The closing words of Ryan, the American industrial baron who sat at their president's right hand, echoed in their ears: "when we build things, we build the biggest, the fastest, the strongest, and the meanest there is. ....if we do get dragged in, we'll be coming across the Atlantic with dozens of battleships and millions of men armed to the teeth."

---- Fletcher Denounces Germans - Calls for Senate Probe (Philadelphia Inquirer)

"Senator Fletcher (D - Florida) today denounced press reports of German naval victory in sea battles outside New York harbor. 'This is a sad day for the United States. We simply cannot continue to allow the Germans to abuse our precious Neutrality,' Fletcher decried, from the steps of the US Capitol building in Washington, DC. 'The only way for America to stay out of the European War is for us to remain Neutral. And the only way to stay Neutral is to keep German ships on their side of the Atlantic. And the key to that is to keep them out of our ports.'

"When asked if he would care to define the word 'Neutral,' Senator Fletcher angrily responded, 'Look at what just happened off our coast. How many ships were sunk? At what cost in human lives? We wouldn't be in this situation if we'd refused to let that damnable German warship into New York in the first place. President James Monroe understood it perfectly, so why can't President Wilson? If the Germans understand that their ships are not welcome here, they won't send any more, and there'll be no more battles. Is that so hard to understand? President Roosevelt understood it, understands it right now, in fact. Sadly for our Nation, he's not President now, when we really need him. I expect voters will rectify this in the next election.' "

---- New York Naval Station, Office of the Commander - Atlantic Fleet

"No, sir. I do not know how the Times and the Inquirer ...."

Admiral Stennis was on the phone again with Secretary Daniels. Spread out before him was a copy of the New York Times (EXTRA Edition). Others were piling up steadily on his yeoman's desk just outside his door.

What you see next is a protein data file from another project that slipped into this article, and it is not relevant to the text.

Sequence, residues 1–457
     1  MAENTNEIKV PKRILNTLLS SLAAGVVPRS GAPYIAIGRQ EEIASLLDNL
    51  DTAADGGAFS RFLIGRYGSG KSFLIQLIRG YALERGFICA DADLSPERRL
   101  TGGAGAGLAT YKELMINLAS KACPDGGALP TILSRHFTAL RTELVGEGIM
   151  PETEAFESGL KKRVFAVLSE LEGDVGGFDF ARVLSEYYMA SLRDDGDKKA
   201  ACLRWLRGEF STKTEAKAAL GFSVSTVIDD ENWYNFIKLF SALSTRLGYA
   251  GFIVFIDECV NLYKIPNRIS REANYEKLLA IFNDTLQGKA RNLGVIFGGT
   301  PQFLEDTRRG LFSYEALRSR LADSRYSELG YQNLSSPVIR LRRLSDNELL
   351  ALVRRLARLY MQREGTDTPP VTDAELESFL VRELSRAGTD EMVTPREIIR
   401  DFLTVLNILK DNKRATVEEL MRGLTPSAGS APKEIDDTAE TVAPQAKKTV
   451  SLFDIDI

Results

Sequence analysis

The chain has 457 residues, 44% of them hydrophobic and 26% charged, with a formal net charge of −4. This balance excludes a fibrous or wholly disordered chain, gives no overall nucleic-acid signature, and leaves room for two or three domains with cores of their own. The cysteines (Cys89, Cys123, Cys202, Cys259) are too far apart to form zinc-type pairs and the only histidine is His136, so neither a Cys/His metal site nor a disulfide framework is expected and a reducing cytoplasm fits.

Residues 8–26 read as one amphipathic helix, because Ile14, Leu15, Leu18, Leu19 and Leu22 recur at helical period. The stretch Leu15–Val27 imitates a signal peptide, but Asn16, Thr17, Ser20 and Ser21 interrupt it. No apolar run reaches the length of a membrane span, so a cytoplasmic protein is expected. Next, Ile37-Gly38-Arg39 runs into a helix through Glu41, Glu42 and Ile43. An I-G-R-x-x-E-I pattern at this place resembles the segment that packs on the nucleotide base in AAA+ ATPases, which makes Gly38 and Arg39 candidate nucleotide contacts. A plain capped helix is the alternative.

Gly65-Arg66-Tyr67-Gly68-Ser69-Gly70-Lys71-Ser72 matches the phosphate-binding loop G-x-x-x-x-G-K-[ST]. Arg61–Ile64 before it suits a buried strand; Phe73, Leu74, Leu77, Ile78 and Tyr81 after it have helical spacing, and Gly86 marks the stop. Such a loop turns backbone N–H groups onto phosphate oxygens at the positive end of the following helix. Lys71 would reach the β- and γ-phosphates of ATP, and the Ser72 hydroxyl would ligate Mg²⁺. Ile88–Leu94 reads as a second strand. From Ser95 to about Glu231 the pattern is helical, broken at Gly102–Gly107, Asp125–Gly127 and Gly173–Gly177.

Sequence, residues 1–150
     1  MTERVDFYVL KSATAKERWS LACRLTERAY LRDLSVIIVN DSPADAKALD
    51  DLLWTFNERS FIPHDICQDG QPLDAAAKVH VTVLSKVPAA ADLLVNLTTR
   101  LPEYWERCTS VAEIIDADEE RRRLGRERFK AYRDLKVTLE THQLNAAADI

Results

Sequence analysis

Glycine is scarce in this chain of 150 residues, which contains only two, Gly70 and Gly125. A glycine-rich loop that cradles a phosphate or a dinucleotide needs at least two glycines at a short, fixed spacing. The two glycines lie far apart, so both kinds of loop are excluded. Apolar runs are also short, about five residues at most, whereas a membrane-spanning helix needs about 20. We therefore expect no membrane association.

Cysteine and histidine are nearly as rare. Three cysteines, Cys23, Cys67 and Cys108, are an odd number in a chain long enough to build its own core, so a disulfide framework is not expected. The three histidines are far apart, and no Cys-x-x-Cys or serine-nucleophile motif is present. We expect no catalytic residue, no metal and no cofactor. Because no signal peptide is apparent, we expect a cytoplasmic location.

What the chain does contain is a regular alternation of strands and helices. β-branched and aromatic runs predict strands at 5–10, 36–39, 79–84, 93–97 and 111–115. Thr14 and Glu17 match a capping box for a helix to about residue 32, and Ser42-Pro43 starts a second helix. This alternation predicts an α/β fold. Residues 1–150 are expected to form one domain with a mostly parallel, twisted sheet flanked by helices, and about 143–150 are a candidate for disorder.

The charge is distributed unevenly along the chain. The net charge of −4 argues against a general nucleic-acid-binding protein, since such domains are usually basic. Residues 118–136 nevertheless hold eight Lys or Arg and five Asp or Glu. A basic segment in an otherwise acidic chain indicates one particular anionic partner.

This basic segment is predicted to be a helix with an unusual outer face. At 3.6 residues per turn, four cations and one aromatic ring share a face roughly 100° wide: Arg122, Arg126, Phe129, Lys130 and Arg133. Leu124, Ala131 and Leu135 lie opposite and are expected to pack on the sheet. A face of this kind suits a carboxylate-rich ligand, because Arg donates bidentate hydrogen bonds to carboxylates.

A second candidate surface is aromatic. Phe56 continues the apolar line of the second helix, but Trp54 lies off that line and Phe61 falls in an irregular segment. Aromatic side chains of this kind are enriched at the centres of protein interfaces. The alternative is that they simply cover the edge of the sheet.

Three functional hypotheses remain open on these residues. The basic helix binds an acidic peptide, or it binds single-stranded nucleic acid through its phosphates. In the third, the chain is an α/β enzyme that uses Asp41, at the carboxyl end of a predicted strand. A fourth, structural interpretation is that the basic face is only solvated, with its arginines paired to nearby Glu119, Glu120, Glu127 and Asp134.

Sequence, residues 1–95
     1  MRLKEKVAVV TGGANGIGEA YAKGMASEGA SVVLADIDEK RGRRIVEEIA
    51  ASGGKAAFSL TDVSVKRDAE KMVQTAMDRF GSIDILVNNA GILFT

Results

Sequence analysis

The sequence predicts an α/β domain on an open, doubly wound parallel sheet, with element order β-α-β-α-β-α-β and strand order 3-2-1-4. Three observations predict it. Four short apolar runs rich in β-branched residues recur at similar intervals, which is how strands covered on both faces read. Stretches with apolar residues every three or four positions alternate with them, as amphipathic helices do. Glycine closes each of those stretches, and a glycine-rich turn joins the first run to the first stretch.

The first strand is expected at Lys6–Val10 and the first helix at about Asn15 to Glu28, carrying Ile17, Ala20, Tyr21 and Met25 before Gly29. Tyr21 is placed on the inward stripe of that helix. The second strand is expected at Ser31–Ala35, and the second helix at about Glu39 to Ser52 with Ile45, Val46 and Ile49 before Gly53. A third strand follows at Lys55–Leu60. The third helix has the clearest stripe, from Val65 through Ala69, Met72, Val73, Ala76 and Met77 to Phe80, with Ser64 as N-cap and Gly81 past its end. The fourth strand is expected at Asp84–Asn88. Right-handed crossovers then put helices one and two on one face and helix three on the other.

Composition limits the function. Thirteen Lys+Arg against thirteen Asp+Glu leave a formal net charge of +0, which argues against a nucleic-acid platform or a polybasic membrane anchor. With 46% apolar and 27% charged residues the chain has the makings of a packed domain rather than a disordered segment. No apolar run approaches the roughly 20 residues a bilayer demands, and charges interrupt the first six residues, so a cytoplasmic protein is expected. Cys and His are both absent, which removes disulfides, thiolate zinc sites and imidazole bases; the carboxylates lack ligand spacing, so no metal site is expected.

"Yes, sir. A Destroyer would not be wise, in my opinion. I have the Montana raising steam even as we speak. I will, though, be sending a pair of Destroyers along with her to patrol off Philly.

"No, sir. I'd rather not do that. Admiral McDonald has enough to do keeping track of those battlecruisers. At last count, they've seized fourteen Entente merchantmen out there in International Waters. I do not want to ...."

"Oh, excuse me, Mr. Secretary. My mistake. I misunderstood your question. Cagemasts, that's why. Montana - and all of the Tennessee class - has one each. No chance at all of any misunderstandings or misidentifications."

---- German Liner Fleet Arrives (Philadelphia Inquirer)

"Crowds gathered this morning at the Hamburg-Amerika Line terminal as bands played and great steam whistles blew. ... The three joined the great liner Vaterland which, because she has been idle since the start of the European War almost a year ago, has practically become a part of the skyline .... Mr. Ballin said that the liners would leave as a fleet in company with the German warship force now off New York (See "Battle," Page 1). Mr. Ballin claimed that the presence of British warships blockading the American coast made the accompaniment by German warships a necessity for German goods to reach the United States, and for German citizens to be able to buy American goods.

"When asked about departure plans, Ballin stated that an exact date had not been determined, but that he dared not risk his passengers before the German warships currently off New York were ready to escort them on the return trip to Germany. 'I learned my lesson,' Mr. Ballin said, 'when several aboard Imperator, including one of my passengers - Mr. Constantine Kallikantzari, were killed by shell fire from HMCS Niobe during our arrival here.' Ballin noted that one of his crewmen was still a patient at Mt. Sinai Hospital in New York City, recovering from wounds inflicted by the shells from Niobe.

"HMCS Niobe was one of the warships lost ...."

---- New York Naval Station, Office of the Commander - Atlantic Fleet

"Would you ask Admiral Martin if he would step in here?

"Jeff," began Stennis a minute later, "Daniels has notified the British ambassador that he's going to hold him to his publicly announced pause in British and other Entente-flagged sailings from here. I need you to take charge, inform the harbormaster ...."

"Aye, aye, sir."

"As for me, I have "The Hammer" raising steam in Mina. I'm off to see the Germans again."

---- Kronprinz Wilhelm Auction Announcement (Philadelphia Inquirer)